We had a family effort to “clean house” at my ex’s place last year. Ever since then, I have been looking at everything in my small apartment in a new light.
It isn’t just our family, but many others who have decided “if you haven’t used it in five years, throw it.” Or, if you can’t play it (VHS tape, cassette tape, 8-tracks, etc.) throw it.
That leaves MY personal stuff. You know, memories from BEFORE we formed a family. In my mind, I imagine my progeny going through my sacred stuff from high school and/or college and saying to each other, “What the heck do we do with this matchbook from Vegas? Why did Dad even keep it in the first place?”
I won’t be around to tell them that was from a great debate trip I went on in college when I won most of my competitions! Sigh.
Here are bits and pieces from an article in the paper that outlines the dilemma.
Overwhelmed by stuff? Get after that mess
Sacramento Bee – January 1, 2016
Despite our best efforts and intentions, we continue to pile up more stuff than space to hold it. . . . .
. . . . . “Get organized” annually ranks among the nation’s most popular resolutions (right behind “lose weight”). More products exist today than ever before to help us reach that goal.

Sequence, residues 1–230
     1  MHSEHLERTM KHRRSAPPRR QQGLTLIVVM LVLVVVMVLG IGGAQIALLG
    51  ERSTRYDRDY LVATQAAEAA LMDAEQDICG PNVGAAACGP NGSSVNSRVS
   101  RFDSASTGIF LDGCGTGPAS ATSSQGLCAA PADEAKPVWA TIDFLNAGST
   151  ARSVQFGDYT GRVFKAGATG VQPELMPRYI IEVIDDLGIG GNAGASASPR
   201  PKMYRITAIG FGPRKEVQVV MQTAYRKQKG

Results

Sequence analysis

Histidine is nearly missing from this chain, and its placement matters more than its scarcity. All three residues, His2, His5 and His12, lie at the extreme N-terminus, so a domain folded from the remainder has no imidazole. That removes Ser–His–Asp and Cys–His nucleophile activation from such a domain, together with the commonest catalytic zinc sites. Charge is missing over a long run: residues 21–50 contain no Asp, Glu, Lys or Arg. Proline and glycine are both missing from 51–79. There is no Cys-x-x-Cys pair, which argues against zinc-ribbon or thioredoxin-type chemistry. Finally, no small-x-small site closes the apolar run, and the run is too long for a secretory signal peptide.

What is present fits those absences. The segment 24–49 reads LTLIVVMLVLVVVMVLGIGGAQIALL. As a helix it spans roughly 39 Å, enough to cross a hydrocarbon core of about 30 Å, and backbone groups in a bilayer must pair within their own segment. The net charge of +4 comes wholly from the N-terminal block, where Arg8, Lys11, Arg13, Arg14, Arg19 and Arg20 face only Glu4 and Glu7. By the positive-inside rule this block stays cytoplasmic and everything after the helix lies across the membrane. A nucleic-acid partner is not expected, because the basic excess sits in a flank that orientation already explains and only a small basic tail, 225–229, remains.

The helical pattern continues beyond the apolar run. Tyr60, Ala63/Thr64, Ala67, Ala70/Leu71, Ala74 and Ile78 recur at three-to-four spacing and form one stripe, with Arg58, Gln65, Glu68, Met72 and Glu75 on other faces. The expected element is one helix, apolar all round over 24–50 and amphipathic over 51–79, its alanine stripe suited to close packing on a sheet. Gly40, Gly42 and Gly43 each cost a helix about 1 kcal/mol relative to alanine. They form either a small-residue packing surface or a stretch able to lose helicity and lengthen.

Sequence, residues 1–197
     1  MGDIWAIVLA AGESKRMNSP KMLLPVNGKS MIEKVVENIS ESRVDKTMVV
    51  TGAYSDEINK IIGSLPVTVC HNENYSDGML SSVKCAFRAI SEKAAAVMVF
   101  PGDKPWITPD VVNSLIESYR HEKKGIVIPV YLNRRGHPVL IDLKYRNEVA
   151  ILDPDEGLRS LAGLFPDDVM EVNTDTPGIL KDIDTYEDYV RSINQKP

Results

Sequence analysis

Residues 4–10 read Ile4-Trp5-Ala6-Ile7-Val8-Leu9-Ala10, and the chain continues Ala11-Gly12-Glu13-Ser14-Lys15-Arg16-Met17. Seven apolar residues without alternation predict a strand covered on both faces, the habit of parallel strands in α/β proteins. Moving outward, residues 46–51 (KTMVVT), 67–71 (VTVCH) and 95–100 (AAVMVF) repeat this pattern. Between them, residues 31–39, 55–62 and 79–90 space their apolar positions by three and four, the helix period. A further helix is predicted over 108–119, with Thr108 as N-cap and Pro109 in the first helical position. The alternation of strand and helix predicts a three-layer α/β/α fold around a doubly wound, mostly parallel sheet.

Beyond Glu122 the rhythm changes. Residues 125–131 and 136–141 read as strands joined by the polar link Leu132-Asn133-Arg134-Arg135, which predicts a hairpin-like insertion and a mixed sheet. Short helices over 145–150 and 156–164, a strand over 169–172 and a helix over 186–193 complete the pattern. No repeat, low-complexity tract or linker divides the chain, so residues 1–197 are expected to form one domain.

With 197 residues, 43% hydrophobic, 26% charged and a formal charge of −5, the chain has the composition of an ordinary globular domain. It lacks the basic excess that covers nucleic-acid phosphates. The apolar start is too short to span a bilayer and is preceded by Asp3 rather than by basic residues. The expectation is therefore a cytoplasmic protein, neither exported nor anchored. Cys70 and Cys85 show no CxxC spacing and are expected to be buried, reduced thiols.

. . . . . “It’s overwhelming,” said Sacramento professional organizer Gwynnae Byrd. “That’s the phrase I hear over and over again. And it can be overwhelming. You look at all that stuff and don’t know where to start.”
“When Mom passed, she was kind of a pack rat, and it was left to me to sort it all out. I thought, ‘If only there was someone to help me!’ It’s a very common dilemma. The best gift you can give your children is to have your affairs in order, not only legally but your stuff.
. . . . . “There is no one right way to organize or perfect storage system for every person. You pick a spot and start. It’s just getting over that initial hump. Do a little at a time. If you start to see results, you stay motivated. It’s like losing 10 pounds; it doesn’t disappear overnight. Neither does the clutter. But you’ve got to start somewhere.”The biggest roadblocks come from “deferred decisions,” Byrd said. “You need to make decisions on whether to keep something. Often, people can’t decide, so they just keep it. I’ve had clients pick things up while sorting stuff and put it right back down again in another pile.
. . . . . We have to constantly remind ourselves, ‘This object is not my mother, it’s not my grandmother – it’s just stuff!’ We have to give ourselves permission to let go.
. . . . “Stuff can get in the way of our relationships and responsibilities,” Schofield said. “You have to be brutal with yourself. We use the ‘delete’ key all the time on our electronic devices. Use it with stuff, too.”